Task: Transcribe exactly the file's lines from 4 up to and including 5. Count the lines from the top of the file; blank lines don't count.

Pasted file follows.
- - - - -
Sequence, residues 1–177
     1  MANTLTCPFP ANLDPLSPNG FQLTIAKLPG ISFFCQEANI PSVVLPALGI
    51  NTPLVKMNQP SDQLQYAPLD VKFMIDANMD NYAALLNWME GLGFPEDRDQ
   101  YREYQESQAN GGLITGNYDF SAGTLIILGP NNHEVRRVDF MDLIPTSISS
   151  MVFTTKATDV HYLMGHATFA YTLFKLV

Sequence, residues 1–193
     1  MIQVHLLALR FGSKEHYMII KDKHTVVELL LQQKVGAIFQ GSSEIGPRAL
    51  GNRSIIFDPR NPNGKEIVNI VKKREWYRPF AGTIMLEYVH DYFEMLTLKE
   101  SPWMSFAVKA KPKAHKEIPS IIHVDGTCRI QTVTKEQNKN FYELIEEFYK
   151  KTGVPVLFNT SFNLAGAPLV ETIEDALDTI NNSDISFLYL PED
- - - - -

   101  YREYQESQAN GGLITGNYDF SAGTLIILGP NNHEVRRVDF MDLIPTSISS
   151  MVFTTKATDV HYLMGHATFA YTLFKLV